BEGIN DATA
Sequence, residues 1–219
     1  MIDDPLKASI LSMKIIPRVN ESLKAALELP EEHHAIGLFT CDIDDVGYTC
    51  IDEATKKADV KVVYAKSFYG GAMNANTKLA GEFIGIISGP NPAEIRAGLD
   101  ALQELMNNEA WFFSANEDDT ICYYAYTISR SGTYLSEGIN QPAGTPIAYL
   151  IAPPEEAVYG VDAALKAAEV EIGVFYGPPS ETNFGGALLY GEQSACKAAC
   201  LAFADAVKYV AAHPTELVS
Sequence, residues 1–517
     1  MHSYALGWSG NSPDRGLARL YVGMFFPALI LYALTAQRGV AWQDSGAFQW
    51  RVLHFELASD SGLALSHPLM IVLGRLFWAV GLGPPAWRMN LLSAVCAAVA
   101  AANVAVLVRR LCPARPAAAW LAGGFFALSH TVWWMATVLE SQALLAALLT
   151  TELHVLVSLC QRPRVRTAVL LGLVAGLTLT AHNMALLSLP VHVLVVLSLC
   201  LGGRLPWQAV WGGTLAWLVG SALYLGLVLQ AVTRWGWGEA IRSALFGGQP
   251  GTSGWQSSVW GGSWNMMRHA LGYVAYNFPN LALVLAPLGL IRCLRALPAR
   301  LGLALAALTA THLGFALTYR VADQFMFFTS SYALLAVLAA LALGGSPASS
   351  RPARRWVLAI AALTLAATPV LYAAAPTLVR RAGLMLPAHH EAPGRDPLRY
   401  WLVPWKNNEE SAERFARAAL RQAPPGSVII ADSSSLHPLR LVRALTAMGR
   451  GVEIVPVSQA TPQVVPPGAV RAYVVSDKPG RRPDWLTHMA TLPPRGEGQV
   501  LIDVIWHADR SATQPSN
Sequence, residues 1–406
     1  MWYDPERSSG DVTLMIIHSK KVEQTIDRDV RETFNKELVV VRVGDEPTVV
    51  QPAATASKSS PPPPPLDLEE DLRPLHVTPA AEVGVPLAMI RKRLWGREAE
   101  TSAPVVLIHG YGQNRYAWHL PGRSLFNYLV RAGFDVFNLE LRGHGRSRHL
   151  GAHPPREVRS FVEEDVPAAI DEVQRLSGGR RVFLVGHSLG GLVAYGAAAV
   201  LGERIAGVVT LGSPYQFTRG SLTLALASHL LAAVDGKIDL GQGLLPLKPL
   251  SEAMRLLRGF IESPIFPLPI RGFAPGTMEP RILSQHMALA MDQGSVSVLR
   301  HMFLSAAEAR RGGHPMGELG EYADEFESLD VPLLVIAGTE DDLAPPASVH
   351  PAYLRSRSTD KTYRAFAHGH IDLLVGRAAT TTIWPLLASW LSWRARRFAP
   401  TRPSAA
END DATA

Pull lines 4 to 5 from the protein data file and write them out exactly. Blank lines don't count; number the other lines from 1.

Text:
   101  ALQELMNNEA WFFSANEDDT ICYYAYTISR SGTYLSEGIN QPAGTPIAYL
   151  IAPPEEAVYG VDAALKAAEV EIGVFYGPPS ETNFGGALLY GEQSACKAAC